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Last week, Chinese central bank adviser Xia Bin attacked the Federal Reserve plan as "uncontrolled" money printing, and German Finance Minister Wolfgang Schauble called it "clueless." He has since ratcheted up the rhetoric, declaring in a magazine interview that Washington's policy choices "undermine the credibility of the U.S. in finance policy-making."

Mr. Schauble also singled out the Obama administration's efforts to win support in its long-simmering dispute with China over the value of the yuan. "It doesn't add up when the Americans accuse the Chinese of currency manipulation and then, with the help of their central bank's printing presses, artificially lower the value of the dollar."

Governments fear that much of the extra U.S. cash will quickly find its way into other markets as people pursue stock, real estate and other investments with higher returns in stronger economies. The fear is that this will stoke inflation in those economies.

Brazil, South Korea and a handful of other emerging countries are resorting to new taxes on foreign purchases of certain bonds and other capital controls in a bid to cool off the hot money.

In one of the stranger responses, Russia intends to call on Washington to submit future Fed policy changes to the scrutiny of the G20 in advance, said Arkady Dvorkovich, Moscow's top G20 negotiator. "Russia's President will insist … that such actions are taken with preliminary consultations with other members," Mr. Dvorkovich told reporters in Moscow. But he quickly added that monetary policy is an internal matter with which Russia has no problem "in principle."

U.S. Treasury Secretary Timothy Geithner told reporters at a gathering of finance ministers in Japan over the weekend that current account deficits or surpluses are not "something that is amenable to limits or targets."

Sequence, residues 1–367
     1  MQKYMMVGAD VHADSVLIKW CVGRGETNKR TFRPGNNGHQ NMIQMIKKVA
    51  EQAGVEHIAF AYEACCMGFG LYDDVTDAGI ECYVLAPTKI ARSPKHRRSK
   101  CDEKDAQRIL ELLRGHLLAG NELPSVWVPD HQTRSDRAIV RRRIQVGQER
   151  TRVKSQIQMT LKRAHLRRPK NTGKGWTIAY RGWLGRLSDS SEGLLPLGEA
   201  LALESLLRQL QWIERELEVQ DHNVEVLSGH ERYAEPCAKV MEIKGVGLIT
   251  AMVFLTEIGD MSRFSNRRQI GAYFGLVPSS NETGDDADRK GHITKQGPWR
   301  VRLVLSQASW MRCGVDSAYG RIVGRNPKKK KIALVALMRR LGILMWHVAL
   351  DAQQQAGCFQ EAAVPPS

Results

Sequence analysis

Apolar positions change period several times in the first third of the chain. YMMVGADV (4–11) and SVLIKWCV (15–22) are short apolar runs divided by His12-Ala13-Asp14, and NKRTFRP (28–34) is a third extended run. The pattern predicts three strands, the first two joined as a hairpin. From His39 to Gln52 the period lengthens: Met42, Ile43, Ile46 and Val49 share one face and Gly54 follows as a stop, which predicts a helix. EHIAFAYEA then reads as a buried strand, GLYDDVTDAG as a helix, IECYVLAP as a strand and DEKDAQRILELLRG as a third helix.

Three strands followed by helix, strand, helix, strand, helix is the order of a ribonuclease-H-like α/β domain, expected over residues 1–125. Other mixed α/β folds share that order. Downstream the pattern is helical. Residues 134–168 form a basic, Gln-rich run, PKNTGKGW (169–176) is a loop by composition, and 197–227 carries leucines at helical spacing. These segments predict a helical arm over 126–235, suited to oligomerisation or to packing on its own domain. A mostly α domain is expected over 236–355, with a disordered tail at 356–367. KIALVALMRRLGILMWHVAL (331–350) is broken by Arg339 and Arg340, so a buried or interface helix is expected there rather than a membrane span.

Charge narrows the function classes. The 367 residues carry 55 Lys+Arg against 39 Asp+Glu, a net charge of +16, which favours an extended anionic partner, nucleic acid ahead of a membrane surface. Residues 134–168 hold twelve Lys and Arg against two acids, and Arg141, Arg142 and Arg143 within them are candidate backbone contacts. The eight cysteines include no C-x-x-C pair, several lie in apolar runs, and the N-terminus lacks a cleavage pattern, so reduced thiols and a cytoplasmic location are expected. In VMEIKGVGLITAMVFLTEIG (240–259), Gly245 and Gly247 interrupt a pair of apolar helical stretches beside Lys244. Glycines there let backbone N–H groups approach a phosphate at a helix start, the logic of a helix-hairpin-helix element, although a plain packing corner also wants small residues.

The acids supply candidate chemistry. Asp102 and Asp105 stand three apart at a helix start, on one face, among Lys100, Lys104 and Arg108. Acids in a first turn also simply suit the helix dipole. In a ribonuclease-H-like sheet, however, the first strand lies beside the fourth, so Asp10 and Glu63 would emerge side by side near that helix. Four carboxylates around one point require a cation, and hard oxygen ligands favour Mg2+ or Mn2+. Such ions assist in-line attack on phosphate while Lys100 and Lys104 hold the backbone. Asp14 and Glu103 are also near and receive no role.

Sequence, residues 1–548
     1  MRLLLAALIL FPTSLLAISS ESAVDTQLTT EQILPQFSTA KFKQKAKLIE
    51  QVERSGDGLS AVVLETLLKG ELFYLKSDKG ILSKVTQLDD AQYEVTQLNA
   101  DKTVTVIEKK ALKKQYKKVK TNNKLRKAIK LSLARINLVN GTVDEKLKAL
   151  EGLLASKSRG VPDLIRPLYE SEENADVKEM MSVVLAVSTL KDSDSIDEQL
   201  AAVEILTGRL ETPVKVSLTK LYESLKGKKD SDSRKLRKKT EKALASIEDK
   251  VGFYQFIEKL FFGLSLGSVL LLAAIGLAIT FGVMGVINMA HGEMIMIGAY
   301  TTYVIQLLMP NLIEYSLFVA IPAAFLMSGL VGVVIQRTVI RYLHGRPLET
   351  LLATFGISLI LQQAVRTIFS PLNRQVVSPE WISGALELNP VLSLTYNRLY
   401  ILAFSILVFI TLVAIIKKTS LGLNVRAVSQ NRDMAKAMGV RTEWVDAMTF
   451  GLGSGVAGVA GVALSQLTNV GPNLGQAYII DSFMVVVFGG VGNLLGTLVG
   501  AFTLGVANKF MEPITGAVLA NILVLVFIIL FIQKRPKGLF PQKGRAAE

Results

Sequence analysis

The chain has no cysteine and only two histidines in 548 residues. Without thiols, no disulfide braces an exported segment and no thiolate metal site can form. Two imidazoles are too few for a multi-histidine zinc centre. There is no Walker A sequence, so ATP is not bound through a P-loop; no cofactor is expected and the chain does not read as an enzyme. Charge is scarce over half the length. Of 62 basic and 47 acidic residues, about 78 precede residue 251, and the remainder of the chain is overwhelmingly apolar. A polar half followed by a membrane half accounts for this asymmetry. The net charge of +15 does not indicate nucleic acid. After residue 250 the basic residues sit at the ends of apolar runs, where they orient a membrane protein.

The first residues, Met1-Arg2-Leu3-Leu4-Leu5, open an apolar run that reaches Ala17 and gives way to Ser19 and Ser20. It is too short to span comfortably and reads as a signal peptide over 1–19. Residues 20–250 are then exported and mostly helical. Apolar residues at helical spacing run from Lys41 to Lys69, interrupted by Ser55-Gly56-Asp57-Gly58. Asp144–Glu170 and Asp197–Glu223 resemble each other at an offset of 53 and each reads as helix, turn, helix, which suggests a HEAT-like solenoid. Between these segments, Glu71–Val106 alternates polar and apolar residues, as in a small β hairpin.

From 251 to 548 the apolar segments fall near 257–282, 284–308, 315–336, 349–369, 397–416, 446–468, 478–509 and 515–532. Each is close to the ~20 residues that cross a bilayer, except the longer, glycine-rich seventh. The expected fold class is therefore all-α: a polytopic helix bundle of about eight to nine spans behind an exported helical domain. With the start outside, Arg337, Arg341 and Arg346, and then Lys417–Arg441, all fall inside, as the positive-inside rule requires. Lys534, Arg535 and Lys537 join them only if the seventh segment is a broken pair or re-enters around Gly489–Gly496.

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This marked a complete reversal for Mr. Geithner, who also took pains to reassure other governments that the United States is not trying to devalue the greenback, whose continuing status as the world's reserve currency is increasingly being questioned. The problem is coming up with an acceptable alternative.

Finance Minister Jim Flaherty had called on G20 leaders to strike more detailed trade targets in Seoul, but acknowledged the fading odds over the weekend. "Well, I think you heard Mr. Geithner say that was not a likelihood; that that is not likely to happen," he said. "I think that is a reasonable assessment."

With trade targets seemingly off the table, an obviously relieved China seemed to soften its view on the Fed easing. Vice-Finance Minister Wang Jun said it could contribute "tremendously" to global growth, according to a report from Bloomberg. China is poised to announce its second-highest monthly trade surplus of this year before the G20 meeting.

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About the Authors
Senior Economics Writer and Global Markets Columnist

Brian Milner is a senior economics writer and global markets columnist. In a long career at The Globe and Mail, he has covered diverse business beats, including international trade, the automotive industry, media, debt markets, banking and the business side of sports. More

Parliamentary reporter

A member of the Parliamentary Press Gallery since 1999, Bill Curry worked for The Hill Times and the National Post prior to joining The Globe in Feb. 2005. Originally from North Bay, Ont., Bill reports on a wide range of topics on Parliament Hill, with a focus on finance. More